Texts: An assortment of full-length collections from contemporary poets.

English: Dystopian Literature

Drought. Destruction. Economic collapse. Genocide. Fascism. Hurricanes. War. People try to understand these events through various mediums – the news, documentaries, and songs, for example – but dystopian literature gives us a fascinating lens to use. What are these authors saying about life? Government? Free will? Fate? Survival? Beauty and joy? How do we understand different ways of leading people? You will use literature, film, art, and historical and current events to explore these questions, and you will present your ideas in debates, discussions, and creative and analytical writing.

Possible texts: 1984, The Handmaid’s Tale, Ender’s Game, Brave New World, and One Flew Over the Cuckoo’s Nest.”

English: Great Books

When was the last time you were responsible for picking your reading for a course? At the beginning of this class, you will generate a list of books you want to read and then you will campaign for your favorite; after the campaign season ends, you’ll vote and several books will win. We’ll spend the term reading them, examining them for character, theme, structure, style, and message. Is it a Great Book? Ultimately, you will decide whether the books deserve spots on the shelf. You will respond to the reading in various forms of writing, class discussions, projects, and presentations.

Previous winners: 1984, Lolita, Brave New World, Adventures of Huckleberry Finn, Lord of the Flies, Scarlet Letter, On the Road, The Kite Runner.

English: History and Literature of Boston

In this course, we will investigate the city of Boston, the arc of its development, and the cultures which have clashed and melded to make the city we know. The class will track commonalities connected to the “U.S. East Coast” urban experience, yet also highlight the “uniqueness” of Boston. This co-taught interdisciplinary course will help students understand Boston by looking closely at historical, literary, and artistic experiences and artifacts through a variety of lenses. Units on immigration, politics, and popular culture will direct study of the history and literature of the city.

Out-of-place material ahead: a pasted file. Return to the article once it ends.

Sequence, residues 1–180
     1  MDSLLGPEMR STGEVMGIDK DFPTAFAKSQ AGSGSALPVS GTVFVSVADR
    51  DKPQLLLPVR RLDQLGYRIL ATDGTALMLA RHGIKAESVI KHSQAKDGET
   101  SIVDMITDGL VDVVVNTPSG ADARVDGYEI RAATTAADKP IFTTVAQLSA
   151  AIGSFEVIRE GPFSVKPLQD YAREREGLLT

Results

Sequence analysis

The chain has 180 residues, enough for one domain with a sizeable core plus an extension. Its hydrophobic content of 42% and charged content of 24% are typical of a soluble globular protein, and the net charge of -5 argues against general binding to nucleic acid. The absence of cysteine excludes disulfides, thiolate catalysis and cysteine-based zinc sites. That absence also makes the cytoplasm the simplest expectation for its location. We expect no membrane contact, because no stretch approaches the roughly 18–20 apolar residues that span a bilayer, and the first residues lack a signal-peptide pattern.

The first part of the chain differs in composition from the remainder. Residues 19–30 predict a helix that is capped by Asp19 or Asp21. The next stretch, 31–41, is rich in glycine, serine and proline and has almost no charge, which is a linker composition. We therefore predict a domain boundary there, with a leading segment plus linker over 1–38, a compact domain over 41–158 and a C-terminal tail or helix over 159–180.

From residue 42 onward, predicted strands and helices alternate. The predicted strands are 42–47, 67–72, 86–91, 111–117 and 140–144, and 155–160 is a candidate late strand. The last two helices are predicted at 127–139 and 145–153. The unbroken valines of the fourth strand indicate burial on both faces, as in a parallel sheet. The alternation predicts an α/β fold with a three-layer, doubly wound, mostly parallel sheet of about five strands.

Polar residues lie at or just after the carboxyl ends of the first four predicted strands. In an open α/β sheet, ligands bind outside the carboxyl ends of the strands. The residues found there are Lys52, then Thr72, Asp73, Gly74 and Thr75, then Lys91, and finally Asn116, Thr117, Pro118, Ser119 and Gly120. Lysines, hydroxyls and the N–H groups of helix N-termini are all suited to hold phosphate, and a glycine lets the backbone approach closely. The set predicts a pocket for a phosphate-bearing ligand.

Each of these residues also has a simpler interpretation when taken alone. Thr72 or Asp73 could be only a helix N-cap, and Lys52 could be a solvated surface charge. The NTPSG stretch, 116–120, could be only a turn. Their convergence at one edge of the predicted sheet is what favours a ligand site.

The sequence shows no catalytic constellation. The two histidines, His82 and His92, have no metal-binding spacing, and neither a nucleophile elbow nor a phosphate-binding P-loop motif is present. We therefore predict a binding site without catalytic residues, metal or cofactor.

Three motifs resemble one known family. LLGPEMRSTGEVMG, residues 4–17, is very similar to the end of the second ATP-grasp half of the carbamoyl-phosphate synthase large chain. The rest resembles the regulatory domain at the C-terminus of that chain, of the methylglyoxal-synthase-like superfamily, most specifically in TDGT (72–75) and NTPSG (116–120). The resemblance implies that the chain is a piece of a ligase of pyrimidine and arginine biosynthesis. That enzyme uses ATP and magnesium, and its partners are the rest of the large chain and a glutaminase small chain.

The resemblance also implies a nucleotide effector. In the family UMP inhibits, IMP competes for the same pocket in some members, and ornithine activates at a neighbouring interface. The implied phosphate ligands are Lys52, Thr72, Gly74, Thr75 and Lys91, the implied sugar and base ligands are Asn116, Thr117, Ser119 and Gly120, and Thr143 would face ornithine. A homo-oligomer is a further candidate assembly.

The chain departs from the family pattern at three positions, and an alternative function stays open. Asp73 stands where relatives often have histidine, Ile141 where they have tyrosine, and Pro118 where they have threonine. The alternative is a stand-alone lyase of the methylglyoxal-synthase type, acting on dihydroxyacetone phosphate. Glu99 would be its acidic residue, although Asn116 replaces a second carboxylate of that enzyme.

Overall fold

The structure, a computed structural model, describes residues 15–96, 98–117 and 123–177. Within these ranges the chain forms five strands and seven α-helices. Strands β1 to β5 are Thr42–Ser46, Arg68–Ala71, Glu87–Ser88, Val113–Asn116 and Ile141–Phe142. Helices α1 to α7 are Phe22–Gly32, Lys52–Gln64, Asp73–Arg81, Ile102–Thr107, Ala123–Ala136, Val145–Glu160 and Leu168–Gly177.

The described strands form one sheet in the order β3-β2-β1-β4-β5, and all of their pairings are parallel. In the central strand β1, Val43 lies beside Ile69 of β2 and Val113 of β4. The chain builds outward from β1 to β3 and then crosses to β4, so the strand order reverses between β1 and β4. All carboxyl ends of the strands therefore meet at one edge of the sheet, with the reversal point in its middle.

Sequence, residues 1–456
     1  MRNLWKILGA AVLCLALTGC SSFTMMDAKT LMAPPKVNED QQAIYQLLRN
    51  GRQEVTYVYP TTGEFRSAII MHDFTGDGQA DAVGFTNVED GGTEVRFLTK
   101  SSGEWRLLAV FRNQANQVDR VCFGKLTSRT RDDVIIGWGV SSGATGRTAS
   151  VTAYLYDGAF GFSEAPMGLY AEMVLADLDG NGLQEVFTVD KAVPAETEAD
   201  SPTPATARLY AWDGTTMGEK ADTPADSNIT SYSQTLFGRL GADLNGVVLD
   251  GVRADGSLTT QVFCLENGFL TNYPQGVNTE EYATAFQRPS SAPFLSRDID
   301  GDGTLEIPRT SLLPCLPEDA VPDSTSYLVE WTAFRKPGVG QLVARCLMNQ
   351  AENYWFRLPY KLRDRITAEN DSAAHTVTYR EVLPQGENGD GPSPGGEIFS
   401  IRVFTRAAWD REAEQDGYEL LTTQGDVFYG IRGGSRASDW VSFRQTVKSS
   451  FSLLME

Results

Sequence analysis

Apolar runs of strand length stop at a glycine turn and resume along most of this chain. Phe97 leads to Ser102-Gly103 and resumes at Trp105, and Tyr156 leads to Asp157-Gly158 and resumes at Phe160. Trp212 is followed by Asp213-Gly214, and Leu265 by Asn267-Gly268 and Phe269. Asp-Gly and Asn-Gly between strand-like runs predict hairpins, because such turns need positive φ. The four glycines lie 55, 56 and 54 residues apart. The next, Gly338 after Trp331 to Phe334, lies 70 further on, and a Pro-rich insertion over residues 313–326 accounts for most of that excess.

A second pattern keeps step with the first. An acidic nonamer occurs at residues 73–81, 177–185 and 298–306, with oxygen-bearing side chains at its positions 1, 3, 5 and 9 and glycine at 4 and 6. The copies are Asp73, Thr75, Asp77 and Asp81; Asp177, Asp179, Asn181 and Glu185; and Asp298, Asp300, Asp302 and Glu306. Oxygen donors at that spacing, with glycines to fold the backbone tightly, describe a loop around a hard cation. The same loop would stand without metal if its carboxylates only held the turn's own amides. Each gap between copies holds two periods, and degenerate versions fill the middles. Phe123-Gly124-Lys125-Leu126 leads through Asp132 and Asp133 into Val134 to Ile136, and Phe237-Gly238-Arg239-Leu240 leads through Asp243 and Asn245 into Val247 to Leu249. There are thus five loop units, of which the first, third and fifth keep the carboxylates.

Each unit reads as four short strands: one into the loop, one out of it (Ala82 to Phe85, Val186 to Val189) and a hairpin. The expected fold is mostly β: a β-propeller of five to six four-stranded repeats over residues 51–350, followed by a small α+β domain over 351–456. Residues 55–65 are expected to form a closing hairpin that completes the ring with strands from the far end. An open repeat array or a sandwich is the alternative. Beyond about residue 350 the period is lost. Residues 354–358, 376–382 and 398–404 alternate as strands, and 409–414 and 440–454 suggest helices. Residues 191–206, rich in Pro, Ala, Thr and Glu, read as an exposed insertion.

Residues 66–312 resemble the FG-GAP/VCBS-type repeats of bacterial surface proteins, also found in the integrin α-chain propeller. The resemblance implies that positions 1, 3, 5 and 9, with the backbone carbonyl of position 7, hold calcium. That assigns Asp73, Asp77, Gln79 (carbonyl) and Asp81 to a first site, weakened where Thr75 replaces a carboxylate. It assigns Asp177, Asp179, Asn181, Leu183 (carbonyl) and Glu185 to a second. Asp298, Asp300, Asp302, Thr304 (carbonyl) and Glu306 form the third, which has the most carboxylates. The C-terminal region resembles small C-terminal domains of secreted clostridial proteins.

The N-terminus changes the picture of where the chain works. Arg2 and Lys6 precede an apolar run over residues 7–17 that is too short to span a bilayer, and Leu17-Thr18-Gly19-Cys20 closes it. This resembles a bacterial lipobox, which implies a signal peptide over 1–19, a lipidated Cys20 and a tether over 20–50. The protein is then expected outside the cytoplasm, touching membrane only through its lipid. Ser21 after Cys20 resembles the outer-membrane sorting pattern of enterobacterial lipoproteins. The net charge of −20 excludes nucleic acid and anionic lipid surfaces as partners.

Possible texts: Caucasia, Danzy Senna; The Friends of Eddie Coyle, George V. Higgins; The Given Day, Dennis Lehane; All Souls, Michael Patrick MacDonald; Common Ground by J. Anthony Lukas

English: Literature and Film

Did you like the movie or the book better? Is this a sensible question, or are we being asked to compare unlike genres? In this course we will investigate these two art forms, comparing the narrative possibilities—and limitations—of each. How do these modes of storytelling differ in terms of their effects? What can film achieve that a novel or play cannot, and vice versa? What is lost in the translation of literature into film, and what makes a “good” adaptation? We will read two novels and a play closely, and we will study a film based on each. You will think and write critically about how these stories are told on the printed page and on the screen.

Possible texts: Heart of Darkness by Joseph Conrad; Six Degrees of Separation by John Guare; Fight Club by Chuck Palahniuk.

English: Money, Money, Money

What is money’s place in society? Why do most students say that The Great Gatsby inspired them more than any other text? What other stories use money — or the lack thereof — as a central theme? What is the connection between money and power? What is revealed about inequity in society? What messages are sent? reinforced? challenged? What happens when the whole system explodes? In this class you’ll read fiction and non-fiction, write, watch, and listen, and then design a question and research, collaborate, and present your findings.

Possible authors: Fitzgerald, West, Wharton, Wodehouse, Tolstoy, Austen, Williams

English: Science Fiction